The Importance Of Relativism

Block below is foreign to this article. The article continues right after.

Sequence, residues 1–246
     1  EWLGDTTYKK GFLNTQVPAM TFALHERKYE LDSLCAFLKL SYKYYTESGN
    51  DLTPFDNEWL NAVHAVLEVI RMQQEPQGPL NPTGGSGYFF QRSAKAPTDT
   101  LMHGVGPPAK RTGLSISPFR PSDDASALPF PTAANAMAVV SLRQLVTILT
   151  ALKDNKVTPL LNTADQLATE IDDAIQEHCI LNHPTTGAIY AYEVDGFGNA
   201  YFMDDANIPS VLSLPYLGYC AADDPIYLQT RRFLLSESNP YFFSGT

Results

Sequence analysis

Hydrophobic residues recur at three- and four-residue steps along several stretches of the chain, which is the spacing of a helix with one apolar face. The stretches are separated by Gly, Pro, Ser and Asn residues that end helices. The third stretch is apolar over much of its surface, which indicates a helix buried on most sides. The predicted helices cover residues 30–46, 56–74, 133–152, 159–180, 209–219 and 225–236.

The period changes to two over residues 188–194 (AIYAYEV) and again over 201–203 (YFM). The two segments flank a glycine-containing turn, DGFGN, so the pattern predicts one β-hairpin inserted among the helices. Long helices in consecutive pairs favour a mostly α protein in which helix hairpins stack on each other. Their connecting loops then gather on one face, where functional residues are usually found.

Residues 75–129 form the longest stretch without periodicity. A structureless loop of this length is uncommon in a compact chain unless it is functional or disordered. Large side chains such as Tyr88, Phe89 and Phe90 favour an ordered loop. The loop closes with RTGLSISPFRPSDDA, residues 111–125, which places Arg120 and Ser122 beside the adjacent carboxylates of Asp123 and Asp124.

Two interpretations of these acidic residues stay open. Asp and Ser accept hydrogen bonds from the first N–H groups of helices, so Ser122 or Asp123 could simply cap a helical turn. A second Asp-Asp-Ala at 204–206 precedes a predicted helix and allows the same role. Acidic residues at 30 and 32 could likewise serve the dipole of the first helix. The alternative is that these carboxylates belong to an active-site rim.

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Protagoras is famous for the claim, “Man is the measure of all things: of things which are, that they are, and of things which are not, that they are not (Theaetetus, 152a). This claim is often interpreted as an argument for relativism. The epistemological and moral consequences of relativism are that whatever an individual thinks or believes to be true, is true. For example, what makes an act, such as theft, right or wrong, is not rooted in some objective fact in the world; rather, the rightness and wrongness of theft, rests with each and every individual’s personal beliefs. Moreover, according to relativism, if two individuals, Person A and Person B, believe theft to be right and wrong, respectively, then both Person A and Person B, are, in fact, correct about what he or she believes, despite the apparent contradiction. As a result of this type of relativist-thinking, the Truth, with a capital T, becomes devoid of any meaning. All that matters, in terms of knowledge, is convincing, or persuading, another individual to believe one’s own arguments. To this effect, a great importance is placed on oratory, or rhetorical skills, in order to convince others in matters of ethics, epistemology, and other areas of inquiry. This importance of oratory skill via demonstration of Palamedes’ speech is what Gorgias was demonstrating in The Defense of Palamedes. The story of The Defense of Palamedes, by Gorgias, is that Palamedes is being (unjustly) accused by Odysseus for betraying the Greeks during the Trojan War. The plot of the story consists of Palamedes trying to convince his accusers that he is innocent. The Defense of Palamedes provides an excellent example of the power/role that deductive logic plays in rhetoric and argumentation. For instance, throughout the story, Palamedes employs many deductive logic strategies, such as “eliminative deduction, inferences from opposites and contraries, and the effective use of witnesses” (classicpersuasion.org) to try and prove his innocence. Moreover, the argumentative strategy used by Palamedes mainly consists of the use of logos, which is the appeal to logic, ethos, which is the appeal to one’s character/credibility, and eikos, which is an appeal to probabilities. Gorgias
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